• Australian recycled materials can be used to meet the requirements for minimum recycled content in new batteries applied in other countries.
  • Ensures urban, regional and remote areas can equally access battery recycling opportunities.


ABRI is developing a battery recycling industry policy position on the optimal approach for managing an increasingly complex web of commercial, voluntary and government stewardship schemes which impact end of life batteries. To support this work, ABRI CEO, Katharine Hole, is asking interested members to discuss their views on the mounting range of government programs, stewardship and OEM commercial requirements for recycling end of life batteries.

Overseas and in Australia, there is growing interest in how to ensure batteries are recycled and the valuable resources recovered. Models for end of life battery management include formal stewardship schemes and mandating producer responsibility with producers to manage end of life batteries themselves. This is in addition to EV company public commitments to reuse, repurpose and recycle batteries. Regardless of the model implemented, tracking of large batteries is emerging to meet recycled and material provenance rules.

OEMs are already starting to initiate and manage battery tracking, for example barcoding batteries, to deliver public sustainability and circular economy commitments. ABRI is aware that EV and BESS companies are directly seeking out ABRI members to discuss commercial opportunities. In some instances, commercial agreements are already in place. Experience shows that OEMs are also actively developing and managing their own product stewardship for large batteries.

In this context, principles that could be considered to inform ABRI’s position on stewardship approaches in Australia are:

  • All batteries are recycled in Australia underpinned by a world leading battery recycling sector and local technology
  • Precedence for the development of commercial solutions
  • Safety at all stages of the supply chain
  • Minimising costs and red tape where safe and sustainable to do so, as discussed above minimising administrative costs is critical
  • Consistency with policy developments, business practices and regulation overseas, such as producer responsibility and battery tracking rules, to maximise and leverage existing opportunities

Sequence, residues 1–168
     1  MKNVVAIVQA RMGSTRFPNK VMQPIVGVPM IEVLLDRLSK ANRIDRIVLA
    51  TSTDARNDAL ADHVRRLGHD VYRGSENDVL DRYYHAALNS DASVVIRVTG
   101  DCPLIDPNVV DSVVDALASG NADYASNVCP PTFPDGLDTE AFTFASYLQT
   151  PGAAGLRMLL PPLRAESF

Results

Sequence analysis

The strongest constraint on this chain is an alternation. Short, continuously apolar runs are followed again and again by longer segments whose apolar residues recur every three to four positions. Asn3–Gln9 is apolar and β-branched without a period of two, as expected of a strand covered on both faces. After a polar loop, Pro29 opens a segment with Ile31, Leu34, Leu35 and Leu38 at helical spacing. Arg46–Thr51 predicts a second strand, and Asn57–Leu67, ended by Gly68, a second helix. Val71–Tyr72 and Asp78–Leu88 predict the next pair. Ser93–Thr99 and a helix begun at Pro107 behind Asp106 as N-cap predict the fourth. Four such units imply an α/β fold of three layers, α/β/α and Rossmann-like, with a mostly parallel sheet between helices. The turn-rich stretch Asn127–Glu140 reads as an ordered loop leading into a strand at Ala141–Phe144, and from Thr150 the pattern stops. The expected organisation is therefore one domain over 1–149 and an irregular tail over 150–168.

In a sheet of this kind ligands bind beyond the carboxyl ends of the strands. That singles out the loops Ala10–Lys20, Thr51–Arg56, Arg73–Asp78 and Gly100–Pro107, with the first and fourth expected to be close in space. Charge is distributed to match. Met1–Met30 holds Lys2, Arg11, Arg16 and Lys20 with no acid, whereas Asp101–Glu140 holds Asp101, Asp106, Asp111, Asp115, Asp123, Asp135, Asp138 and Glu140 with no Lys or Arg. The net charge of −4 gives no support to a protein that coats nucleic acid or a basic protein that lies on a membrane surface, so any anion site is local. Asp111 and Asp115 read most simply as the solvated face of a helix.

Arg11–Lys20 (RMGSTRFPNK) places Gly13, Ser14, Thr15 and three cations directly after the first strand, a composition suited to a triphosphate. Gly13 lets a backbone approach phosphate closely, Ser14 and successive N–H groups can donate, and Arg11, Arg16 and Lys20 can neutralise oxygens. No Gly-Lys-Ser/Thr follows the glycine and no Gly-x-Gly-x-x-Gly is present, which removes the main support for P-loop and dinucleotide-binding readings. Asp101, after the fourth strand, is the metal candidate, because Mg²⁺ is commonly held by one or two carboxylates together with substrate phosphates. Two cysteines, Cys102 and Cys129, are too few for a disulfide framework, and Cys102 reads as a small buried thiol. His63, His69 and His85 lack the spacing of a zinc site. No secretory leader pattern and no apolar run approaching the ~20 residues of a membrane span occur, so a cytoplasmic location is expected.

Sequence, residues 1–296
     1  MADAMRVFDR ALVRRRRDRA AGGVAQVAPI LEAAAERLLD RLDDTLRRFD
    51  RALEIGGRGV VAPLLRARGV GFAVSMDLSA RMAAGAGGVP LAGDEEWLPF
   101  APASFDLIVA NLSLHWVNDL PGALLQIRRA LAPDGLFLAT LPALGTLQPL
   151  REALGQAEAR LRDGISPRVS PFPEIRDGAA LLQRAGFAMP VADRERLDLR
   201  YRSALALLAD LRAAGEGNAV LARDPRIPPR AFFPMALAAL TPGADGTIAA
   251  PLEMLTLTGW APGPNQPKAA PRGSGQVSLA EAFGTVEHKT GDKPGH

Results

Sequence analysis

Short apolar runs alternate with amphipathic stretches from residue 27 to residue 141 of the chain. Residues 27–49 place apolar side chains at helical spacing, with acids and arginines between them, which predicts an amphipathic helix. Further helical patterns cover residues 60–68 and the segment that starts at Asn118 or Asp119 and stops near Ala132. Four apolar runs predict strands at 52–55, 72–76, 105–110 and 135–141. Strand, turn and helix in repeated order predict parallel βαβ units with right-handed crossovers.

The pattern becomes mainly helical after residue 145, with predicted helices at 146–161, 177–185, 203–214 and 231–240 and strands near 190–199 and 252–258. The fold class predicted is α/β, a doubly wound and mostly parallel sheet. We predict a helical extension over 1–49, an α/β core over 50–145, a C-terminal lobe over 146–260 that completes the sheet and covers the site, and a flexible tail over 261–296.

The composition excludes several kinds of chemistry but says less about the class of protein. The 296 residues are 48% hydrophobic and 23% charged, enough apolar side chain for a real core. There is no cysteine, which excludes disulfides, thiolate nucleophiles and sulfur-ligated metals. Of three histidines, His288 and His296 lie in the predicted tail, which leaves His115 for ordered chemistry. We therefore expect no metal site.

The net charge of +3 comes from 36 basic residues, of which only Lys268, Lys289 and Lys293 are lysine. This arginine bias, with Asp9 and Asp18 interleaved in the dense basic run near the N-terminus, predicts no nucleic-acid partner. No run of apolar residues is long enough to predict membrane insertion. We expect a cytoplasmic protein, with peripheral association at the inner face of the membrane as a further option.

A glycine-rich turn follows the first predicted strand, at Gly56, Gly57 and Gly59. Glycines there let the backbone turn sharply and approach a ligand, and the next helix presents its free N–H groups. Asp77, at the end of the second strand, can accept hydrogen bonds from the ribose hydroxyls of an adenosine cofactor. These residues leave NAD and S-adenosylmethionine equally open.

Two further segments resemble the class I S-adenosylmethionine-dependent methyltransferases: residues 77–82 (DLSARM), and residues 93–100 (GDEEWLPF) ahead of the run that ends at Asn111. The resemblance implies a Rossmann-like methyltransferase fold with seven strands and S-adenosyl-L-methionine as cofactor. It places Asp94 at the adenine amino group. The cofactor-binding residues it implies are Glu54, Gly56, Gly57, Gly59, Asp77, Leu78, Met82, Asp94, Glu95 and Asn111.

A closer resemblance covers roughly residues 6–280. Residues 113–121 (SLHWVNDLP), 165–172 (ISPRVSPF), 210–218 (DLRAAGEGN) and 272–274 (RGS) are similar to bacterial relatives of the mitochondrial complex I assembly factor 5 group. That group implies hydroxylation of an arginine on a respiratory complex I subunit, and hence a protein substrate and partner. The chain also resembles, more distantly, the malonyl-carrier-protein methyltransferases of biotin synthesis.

• Ensure urban, regional and remote areas can access battery recycling opportunities
  • Where a battery stewardship scheme is the only solution, then it should apply strong corporate governance principles including: independent oversight and dispute resolution; appropriately skilled and resourced compliance and enforcement teams; and strong focus on minimising administrative burdens.

At a minimum, policy proposals should be cost effective and efficient solutions so that battery recycling can support a low-cost, clean energy transition.  ABRI is looking to understand what the evolving situation means for the entire used battery supply chain from battery collection through to recycling. This includes if differences in chemistries (e.g. lead vs lithium), applications (e.g. small vs large) and commercial arrangements will require bespoke solutions.

Please discuss your priorities and/or provide written comments to the ABRI CEO, Katharine Hole, by 28 April 2022 via email to secretariat@batteryrecycling.org.au or phone on 0488 216 750. The ABRI Secretariat will collate themes from the submissions to potentially inform a workshop with ABRI members on industry policy positions.

Background on Battery End of Life Stewardship and Management Schemes

In addition to some states and territories, banning batteries and/or e-waste in landfill, Australia already has five stewardship schemes involving end of life batteries that are operating or underdevelopment:

  • B-cycle for small, loose batteries, which has seen collection rates double
  • NTCRS, which captures batteries embedded in eligible e-waste products
  • Mobile Muster, which captures batteries embedded in eligible products
  • FCAI/BSC proposal to manage batteries at end of vehicle life
  • Draft Queensland E-products action plan which is looking to capture energy storage batteries

Commercial arrangements may also require battery recyclers to:

  • Meet international standards such as R2 for e-waste stewardship or a battery equivalent
  • Track battery material in preparation for compliance with minimum recycled content in batteries in other jurisdictions as well as to demonstrate delivery of OEM public circular economy commitments at point of sale

There is a lack of clarity on how all these programs will interact domestically and with international arrangements.

Email   secretariat@batteryrecyling.org.au